NYC Renovation Chronicles

NYC Renovation Chronicles: When you suspect your neighbor's renovation is illegal

By Yoel Borgenicht, General Contractor  | March 31, 2011 - 10:33AM

The Situation

So you suspect that your neighbor is engaged in illegal renovation work, which at the very least might endanger the workers on the job along with people and property in neighboring apartments. You have a range of choices on how to respond--but first make sure that what your neighbor is up to is illegal. 

The Deal

There are five telltale signs that work is being performed illegally: 

1. Work after hours. The New York City Department of Buildings permits work only Monday through Friday 7 A.M. to 6 P.M. Co-ops and condos tend to further restrict the hours (so as not to inconvenience or disturb residents).  The most flexible ones usually allow work 9 A.M. – 5 P.M.  

 2. No work permits posted. If walls are being demolished or moved, a work permit is needed. It doesn’t matter how small the wall is.

 3. Nobody on the job site speaks English. If the contractor does not speak English, chances are that he is not licensed and insured.

 4. Work contrary to approved plans. Posted work permits list in abbreviated form the scope of approved work. If permits indicate demolition and new walls are being built, something is wrong. 

 5. Questionable safety.  If workers are on scaffolds and do not have safety harnesses, they probably do not have the required OSHA (Occupational Safety and Health Administration) certifications. If they do, then they are violating code.

What you can do about it (in increasing order of severity):

1. Speak to your neighbor.

 Pros: You might be able to defuse the situation and get immediate results. Most importantly, if your neighbor hired a handyman for a job that requires a licensed contractor you may be saving them from catastrophic results. I  visited a job site last month as a favor for a friend  where a supposed contractor was in the process of removing a load bearing wall and was about to cause the collapse of the floor above. The homeowner had no idea.

Cons: No anonymity. Also, they can retaliate when it’s your turn to renovate by filing a complaint with the Department of Buildings regarding your project. Even if you are working lawfully you do not want municipal inspectors on your job site. Chances are if an inspector looks hard enough they will find a reason to issue a violation and fill the city’s coffers.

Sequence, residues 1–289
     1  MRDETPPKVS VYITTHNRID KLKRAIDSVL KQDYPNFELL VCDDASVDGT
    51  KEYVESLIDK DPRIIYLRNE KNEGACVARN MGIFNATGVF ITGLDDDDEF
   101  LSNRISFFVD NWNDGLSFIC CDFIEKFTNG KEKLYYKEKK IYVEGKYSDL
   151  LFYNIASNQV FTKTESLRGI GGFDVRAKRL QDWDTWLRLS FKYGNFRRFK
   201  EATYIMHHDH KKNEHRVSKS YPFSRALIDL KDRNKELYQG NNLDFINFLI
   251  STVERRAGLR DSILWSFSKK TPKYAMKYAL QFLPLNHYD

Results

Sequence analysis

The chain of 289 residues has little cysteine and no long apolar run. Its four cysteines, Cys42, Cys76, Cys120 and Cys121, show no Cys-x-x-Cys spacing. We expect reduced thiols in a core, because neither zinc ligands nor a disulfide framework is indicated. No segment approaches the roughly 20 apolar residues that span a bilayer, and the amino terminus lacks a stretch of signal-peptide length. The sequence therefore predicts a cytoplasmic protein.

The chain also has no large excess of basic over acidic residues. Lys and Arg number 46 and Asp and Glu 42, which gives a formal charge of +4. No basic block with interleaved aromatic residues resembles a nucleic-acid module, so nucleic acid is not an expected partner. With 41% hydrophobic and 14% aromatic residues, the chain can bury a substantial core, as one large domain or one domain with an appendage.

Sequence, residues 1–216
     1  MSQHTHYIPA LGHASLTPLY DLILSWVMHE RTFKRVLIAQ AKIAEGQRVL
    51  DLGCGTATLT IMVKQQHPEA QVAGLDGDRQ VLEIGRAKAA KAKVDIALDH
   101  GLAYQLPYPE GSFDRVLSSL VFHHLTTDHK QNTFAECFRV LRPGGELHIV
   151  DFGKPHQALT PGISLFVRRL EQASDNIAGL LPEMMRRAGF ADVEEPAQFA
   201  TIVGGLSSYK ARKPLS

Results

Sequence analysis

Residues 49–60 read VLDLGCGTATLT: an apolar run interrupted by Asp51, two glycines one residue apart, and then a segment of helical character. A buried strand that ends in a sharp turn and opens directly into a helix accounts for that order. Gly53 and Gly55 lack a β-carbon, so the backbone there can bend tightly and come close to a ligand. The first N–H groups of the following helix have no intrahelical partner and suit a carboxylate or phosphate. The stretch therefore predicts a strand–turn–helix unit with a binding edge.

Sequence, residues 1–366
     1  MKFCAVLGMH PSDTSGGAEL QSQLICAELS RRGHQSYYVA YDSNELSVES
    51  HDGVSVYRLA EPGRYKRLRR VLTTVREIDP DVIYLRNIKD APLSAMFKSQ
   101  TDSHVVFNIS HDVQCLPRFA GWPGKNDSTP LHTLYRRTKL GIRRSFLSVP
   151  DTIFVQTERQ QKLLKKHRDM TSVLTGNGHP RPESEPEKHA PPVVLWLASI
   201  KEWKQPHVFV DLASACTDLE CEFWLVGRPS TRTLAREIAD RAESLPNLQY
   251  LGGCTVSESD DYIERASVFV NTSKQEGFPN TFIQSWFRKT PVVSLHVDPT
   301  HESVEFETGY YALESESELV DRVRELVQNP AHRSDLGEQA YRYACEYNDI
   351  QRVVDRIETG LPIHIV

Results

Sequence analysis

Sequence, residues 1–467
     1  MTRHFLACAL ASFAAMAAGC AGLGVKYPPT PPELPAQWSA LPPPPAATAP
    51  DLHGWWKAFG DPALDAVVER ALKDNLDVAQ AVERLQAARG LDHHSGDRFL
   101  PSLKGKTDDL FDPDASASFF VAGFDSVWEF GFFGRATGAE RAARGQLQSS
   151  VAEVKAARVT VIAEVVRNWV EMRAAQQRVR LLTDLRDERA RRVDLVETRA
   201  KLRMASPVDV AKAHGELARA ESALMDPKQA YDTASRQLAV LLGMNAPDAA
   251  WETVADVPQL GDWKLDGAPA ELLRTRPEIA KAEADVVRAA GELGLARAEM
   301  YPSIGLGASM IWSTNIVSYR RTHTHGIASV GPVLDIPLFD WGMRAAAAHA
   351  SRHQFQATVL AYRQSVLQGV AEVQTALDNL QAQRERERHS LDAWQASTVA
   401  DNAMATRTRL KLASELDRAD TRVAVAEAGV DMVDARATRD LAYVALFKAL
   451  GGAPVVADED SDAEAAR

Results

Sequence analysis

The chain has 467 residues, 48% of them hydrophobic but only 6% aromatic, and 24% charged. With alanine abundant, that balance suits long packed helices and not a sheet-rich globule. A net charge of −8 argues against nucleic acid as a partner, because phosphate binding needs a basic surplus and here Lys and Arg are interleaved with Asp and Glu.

2. Call your managing agent or landlord.

 Pros: They have the power to act quickly if they want to.

Cons: No guaranteed anonymity.  Many landlords and managing agents refuse to respond to anonymous complaints.

 3. Call 311.

 Pros: You can remain anonymous, and if the Department of Buildings people show up, they can shut down the job for a while. Fines for work without permits start at $5,000. They can also prevent an unlicensed contractor from putting their workers or the homeowner’s property at serious risk.

Cons: The Department of Buildings can take weeks to appear depending on the complaint's severity, and by that time the job can be finished.

 4. Call 911.

 Pros: If a worker’s or pedestrian’s life is in danger, the police can respond quickly.

Cons: The NYPD does not always like responding to calls related to construction, and if it is not  life-threatening, you are wasting their time and the city’s resources.

In short, you can make your neighbor’s life miserable if he or she is undertaking illegal work. (At least you can cost your neighbor a lot of money and time to improve the work conditions.)

If you know that your neighbor is aware that the work is illegal, it probably would be best to call 311. If they have no clue that what they are doing is putting themselves and the workers at risk, then speaking to them may be the best option as your friendly advice may prevent serious financial loss and/or an accident.

Yoel Borgenicht is the president of King Rose Construction, specializing in high-quality commercial and residential renovations in the New York City metro area. This is his first week as BrickUnderground's renovation columnist.

See all NYC Renovation Chronicles.

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